Escaping the Overeating Syndrome

Image: Rodale Press

Image: Rodale Press

If the old saying, you are what you eat is literally true, then we are walking bodies of fat, sugar and salt.  That’s pretty close to what Dr. Kessler said in a recent interview on the NewsHour with Jim Lehrer. The former FDA Commissioner describes the motivation for his new book, The End of Overeating, which answers the nagging question of what drives Americans to overeat. According to Kessler, our brains have responded to a sensory world of enticing food where we eat for stimulation – until our plate is empty. One of the ways to counter this, according to Kessler, is to give the consumer information about what is inside the food he or she is eating, such as product labeling. But consumer behavior is only one small element of the growing obesity and healthcare problem plaguing the U.S.

Scan the American landscape and you’ll find cheap fast food at every suburban mall, city and highway stop, as well as in supermarkets nationwide. Processed foods have become the mainstream food, with foods high in processed fats, sugars and/or salts being the mainstays of the American diet.

With the gravitation of the U.S. food culture toward highly processed energy-dense-type foods, Americans are not just overeating, we are overconsuming . Modern-day foods are now complex and high-tech. A loaf of bread, which might have traditionally consisted of just flour, yeast, water and salt, now typically contains questionable value-added ingredients, such as hydrogenated trans-fats to increase shelf life, and high fructose corn syrup to increase the sweetness. Meats are even more energy intense, if we factored in the two stages of farming – one for the grain crop, and second for the animal that feeds on it. And any assumptions about the costs of production being reflected in the retail price of our foods is canceled out by the cheapened subsidized grain that goes into a bag of chips or a bottle of soda, and provides more calories than a bag of produce of the same weight.

Our overeating habits have directly responded to a ‘cheap food’-centered system, which has become one of petrochemical energy-dependent farming and food production practices, food miles created through long-distance transport, greenhouse gases emitted, and waste generation and disease control in factory farms. Overconsumption has given us a public health crisis overlapping with an economic, energy, environmental and overall quality of life crisis.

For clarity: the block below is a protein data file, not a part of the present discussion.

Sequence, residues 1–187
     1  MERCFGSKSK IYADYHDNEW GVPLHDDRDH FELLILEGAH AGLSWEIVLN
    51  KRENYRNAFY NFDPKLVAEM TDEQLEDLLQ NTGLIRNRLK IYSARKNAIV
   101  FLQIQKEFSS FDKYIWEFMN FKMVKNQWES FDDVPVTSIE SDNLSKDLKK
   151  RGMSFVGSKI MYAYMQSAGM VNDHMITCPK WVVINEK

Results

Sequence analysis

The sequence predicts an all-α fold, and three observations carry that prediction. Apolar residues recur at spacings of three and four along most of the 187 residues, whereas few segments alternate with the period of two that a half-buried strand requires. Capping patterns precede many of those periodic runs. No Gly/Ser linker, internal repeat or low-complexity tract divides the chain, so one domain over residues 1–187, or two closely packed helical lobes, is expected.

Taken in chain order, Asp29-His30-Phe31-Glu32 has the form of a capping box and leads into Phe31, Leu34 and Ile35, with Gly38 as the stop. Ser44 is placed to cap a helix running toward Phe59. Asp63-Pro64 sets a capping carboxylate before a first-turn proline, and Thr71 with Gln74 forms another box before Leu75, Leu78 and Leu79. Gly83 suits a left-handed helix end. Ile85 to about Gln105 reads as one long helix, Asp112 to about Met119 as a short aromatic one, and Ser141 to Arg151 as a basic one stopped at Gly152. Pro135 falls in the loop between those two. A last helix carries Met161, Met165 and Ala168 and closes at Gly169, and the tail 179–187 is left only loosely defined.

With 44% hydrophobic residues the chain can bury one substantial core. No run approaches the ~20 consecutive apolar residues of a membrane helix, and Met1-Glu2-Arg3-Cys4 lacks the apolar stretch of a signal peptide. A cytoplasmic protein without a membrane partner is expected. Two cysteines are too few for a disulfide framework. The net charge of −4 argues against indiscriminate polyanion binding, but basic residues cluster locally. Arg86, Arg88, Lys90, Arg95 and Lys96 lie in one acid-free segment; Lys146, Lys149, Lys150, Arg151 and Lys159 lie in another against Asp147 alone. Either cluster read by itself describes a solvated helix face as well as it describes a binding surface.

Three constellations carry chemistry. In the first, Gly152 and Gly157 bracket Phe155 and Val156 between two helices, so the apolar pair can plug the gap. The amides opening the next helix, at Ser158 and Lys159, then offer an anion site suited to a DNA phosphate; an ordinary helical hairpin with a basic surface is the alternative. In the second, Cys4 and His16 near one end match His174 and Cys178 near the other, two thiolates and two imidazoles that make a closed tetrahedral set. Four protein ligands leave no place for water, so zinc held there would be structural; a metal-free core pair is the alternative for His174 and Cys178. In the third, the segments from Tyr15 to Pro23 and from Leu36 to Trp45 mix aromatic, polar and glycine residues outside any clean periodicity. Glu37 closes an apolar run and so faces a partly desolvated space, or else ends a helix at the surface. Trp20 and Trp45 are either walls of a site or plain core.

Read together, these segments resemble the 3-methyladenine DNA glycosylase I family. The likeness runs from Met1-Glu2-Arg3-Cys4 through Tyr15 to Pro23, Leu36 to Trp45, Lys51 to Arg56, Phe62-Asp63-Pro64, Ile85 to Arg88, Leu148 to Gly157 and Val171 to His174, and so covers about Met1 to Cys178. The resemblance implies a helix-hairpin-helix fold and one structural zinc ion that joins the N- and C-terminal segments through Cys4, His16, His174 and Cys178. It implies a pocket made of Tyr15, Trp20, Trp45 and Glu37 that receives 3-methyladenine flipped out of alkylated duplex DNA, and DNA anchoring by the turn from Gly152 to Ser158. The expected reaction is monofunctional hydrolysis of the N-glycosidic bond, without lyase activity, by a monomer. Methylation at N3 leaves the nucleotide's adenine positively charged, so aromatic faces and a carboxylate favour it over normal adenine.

Can our food system become sustainable? Why not start with regulations and market incentives that account for the costs of producing such energy-dense products, such as an energy consumption tax for food additives (e.g. lab-derived ingredients)? Certain producers could get carbon credits for foods produced with minimal environmental impact, such as organic producers and produce farmers. We could interpret food miles as carbon miles and taxes, opening opportunities for localized production and distribution of foods. Food vendors could receive tax breaks for the percentage of fresh produce that they sell in proportion to packaged shelf-life goods, for the diversity of perishable and non-perishable food products they offer. Meat prices could proportionally factor in the costs of energy intensive farming, leveling the competition with sustainably and locally farmed meat.

If we are to be a society that values food for people rather than food for commodities, then we can create a marketplace that is diversified with foods that are locally produced, energy-efficient, and of greater nutritional value, giving consumers more than the choice of which brand of chips or soda to buy, but an actual choice between many healthy and tasty food options–options that in turn will help resurrect local farms. Our food subsidies would not target centralized output, rather production diversity, a distributed and thus more secure food supply, and access to the poor.

If we could reorient our food system to one that is more sustainable, then in turn this would help to redirect our consumer culture–where ‘junk food’ is once again considered a rare treat and our waistlines, chronic disease burdens and ecological footprints would all shrink.

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